Effective prisons can make a difference in inmates...


September 13, 2000

Effective prisons can make a difference in inmates' lives

Gregory Kane recently acknowledged two restorative justice programs at the Patuxent Institution: the Thurgood Marshall Scholarship Fund walk-a-thon and the "Reasoned Straight" program ("Inmates' fund-raiser offers a break from stereotype," Sept. 3).

On behalf of the institution, I thank Mr. Kane for calling attention to the inmates' efforts. I would also note that these are not our inmates' only efforts to give back to the community.

The Sun itself has also highlighted the quilts donated to the House of Ruth made by the female inmates ("Quilters, inmates connect at weekly Patuxent class," Feb. 2). And currently a group of inmates are building easels to be used by area elementary school students.

The change of attitude exhibited by the Patuxent inmates didn't just happen.

It is the result of a staff of correctional officers who create and maintain a treatment environment; a staff of treatment professionals able to break through to these offenders; a group of offenders willing to commit to treatment and a philosophy that prison can be rehabilitative.

The public wants criminals locked up and kept out of society for longer periods of time. Public officials have responded and inmates are staying locked up for more years than ever in prisons that are more secure than ever.

Yet as prison officials we are well aware that 95 percent of incarcerated persons will one day return to our communities. Even if the rest of society has written off our ability to change the people in our charge, we must try.

We have too much to lose if we don't -- and, as our inmates have shown, we just might be able to make a difference.

Richard B. Rosenblatt


The writer is the director of the Patuxent Institution.

Ill-equipped libraries and ill-timed repairs hurt schools

The Sun's recent full-page editorial on the poor condition of school libraries raised a number of critical issues, all of which must be addressed if library revitalization is to take place in public schools ("Lost: school libraries," editorial, Sept. 1).

The Sun did an excellent job of stating the obvious, as have teachers and other school-based employees, and, as a librarian in the Baltimore schools, I want to express my appreciation.

Unfortunately, down-to-earth expressions of problems are not a language to which bureaucrats, education experts, school boards or even today's union leaders respond.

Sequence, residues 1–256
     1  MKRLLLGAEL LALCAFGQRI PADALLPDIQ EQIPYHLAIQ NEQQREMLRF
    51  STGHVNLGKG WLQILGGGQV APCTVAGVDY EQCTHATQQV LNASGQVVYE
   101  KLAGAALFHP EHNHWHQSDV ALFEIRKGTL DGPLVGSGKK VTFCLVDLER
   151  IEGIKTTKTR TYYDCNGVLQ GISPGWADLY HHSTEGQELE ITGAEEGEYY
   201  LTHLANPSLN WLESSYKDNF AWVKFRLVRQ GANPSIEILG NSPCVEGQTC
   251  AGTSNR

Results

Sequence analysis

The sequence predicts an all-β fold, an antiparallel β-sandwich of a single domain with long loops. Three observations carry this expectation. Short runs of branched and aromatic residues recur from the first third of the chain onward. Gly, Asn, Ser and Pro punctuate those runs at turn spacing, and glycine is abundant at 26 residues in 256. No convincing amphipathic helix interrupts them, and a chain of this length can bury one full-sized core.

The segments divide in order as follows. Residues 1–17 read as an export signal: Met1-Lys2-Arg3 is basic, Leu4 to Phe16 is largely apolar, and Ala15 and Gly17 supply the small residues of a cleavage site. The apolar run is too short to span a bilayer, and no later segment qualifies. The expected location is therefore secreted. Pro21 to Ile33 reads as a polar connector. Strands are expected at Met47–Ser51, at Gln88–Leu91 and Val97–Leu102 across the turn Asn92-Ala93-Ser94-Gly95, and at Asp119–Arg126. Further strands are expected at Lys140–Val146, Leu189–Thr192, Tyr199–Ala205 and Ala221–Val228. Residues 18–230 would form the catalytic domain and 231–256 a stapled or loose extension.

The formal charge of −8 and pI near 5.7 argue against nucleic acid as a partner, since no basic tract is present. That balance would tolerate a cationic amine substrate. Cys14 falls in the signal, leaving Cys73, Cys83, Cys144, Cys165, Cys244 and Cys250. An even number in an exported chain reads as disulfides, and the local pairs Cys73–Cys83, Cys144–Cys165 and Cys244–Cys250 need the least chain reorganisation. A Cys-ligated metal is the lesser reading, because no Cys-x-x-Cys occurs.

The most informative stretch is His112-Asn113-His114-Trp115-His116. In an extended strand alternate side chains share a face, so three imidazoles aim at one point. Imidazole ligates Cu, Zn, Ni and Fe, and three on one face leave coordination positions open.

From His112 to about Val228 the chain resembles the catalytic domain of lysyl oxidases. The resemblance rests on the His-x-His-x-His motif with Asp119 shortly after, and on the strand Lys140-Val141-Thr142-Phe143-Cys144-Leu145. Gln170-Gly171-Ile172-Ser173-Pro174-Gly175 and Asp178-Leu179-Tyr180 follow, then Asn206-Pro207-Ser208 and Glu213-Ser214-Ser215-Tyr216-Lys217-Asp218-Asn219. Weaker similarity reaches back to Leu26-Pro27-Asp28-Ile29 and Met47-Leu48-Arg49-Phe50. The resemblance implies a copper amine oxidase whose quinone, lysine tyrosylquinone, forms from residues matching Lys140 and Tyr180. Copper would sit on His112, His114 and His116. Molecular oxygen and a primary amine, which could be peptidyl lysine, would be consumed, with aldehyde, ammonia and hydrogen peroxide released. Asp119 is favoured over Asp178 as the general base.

Still, I'd like to request that The Sun address another critical issue: Why do major building repairs and renovations begin with the new school year? Why are ceilings ripped out, wires slung, ladders spread, roofs tarred while students are in school?

I have worked in two schools where major roof work began in September and lasted from six to eight weeks. This is, quite literally, a horrible headache and a true impediment to teaching and learning.

If there is a reasonable explanation for this practice, I would be grateful if The Sun would find it.

Ronda Cooperstein


The writer is a librarian at Dunbar Middle School.

Why not bring together public libraries, local schools?

While formal school may be a 12-year experience for most people, libraries are available to all for life-long learning.

Why not partner the Enoch Pratt public library branches with the schools? A very effective informal relationship between them already exists in many areas.

As long as there are neighborhood libraries, this can be a reality for all neighborhoods.

Pat Gorman


Subversive hip-hop culture damages black children

Unfortunately, Stanley Crouch is right: When the young people of any community, black or white, abandon learning for the dubious thrills of street life, they'll always come in second to kids who stick to their books ("Acting 'ghetto' hurts black society most," Opinion

Commentary, Sept. 4.).

But what is most disturbing is the seeming shrug of helplessness by black parents and community leaders when faced with this awful trend.

One has to wonder who is in charge here. Who allowed the standards for the "most authentic" black behavior to be set by thugs? Why has so little been done to rein in these wayward children?

It doesn't matter who sits on the school board or in the mayor's office -- nor will "empowerment zone" money help.

Until the leaders of the black community say "no" to the subversive hip-hop culture that is destroying their children, black people will not advance.

Margaret Manlove


Sun's section for kids can please seniors, too

I would like to congratulate The Sun on its Wednesday "Just for Kids" section. It is educational, thought-provoking and just good, clean fun.

I am 87-years old but I read it every week and I want to thank you for what you are doing for us kids.

Harold J. Wade


Medicare chaos catches seniors in the crossfire

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